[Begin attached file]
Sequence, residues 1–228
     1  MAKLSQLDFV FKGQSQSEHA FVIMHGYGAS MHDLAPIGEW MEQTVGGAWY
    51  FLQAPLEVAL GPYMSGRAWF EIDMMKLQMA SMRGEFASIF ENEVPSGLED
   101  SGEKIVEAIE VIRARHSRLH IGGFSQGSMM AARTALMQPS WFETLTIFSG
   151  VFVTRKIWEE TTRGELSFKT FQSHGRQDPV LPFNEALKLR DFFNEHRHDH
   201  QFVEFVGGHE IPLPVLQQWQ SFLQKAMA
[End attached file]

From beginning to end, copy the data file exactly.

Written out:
Sequence, residues 1–228
     1  MAKLSQLDFV FKGQSQSEHA FVIMHGYGAS MHDLAPIGEW MEQTVGGAWY
    51  FLQAPLEVAL GPYMSGRAWF EIDMMKLQMA SMRGEFASIF ENEVPSGLED
   101  SGEKIVEAIE VIRARHSRLH IGGFSQGSMM AARTALMQPS WFETLTIFSG
   151  VFVTRKIWEE TTRGELSFKT FQSHGRQDPV LPFNEALKLR DFFNEHRHDH
   201  QFVEFVGGHE IPLPVLQQWQ SFLQKAMA